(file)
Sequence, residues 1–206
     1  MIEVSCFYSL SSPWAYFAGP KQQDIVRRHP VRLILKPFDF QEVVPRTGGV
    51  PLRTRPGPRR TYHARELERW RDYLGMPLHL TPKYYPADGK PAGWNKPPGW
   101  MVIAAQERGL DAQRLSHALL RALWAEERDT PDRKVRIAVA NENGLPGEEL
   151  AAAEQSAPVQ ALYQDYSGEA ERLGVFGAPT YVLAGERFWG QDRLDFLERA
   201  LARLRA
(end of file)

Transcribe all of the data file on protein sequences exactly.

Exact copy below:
Sequence, residues 1–206
     1  MIEVSCFYSL SSPWAYFAGP KQQDIVRRHP VRLILKPFDF QEVVPRTGGV
    51  PLRTRPGPRR TYHARELERW RDYLGMPLHL TPKYYPADGK PAGWNKPPGW
   101  MVIAAQERGL DAQRLSHALL RALWAEERDT PDRKVRIAVA NENGLPGEEL
   151  AAAEQSAPVQ ALYQDYSGEA ERLGVFGAPT YVLAGERFWG QDRLDFLERA
   201  LARLRA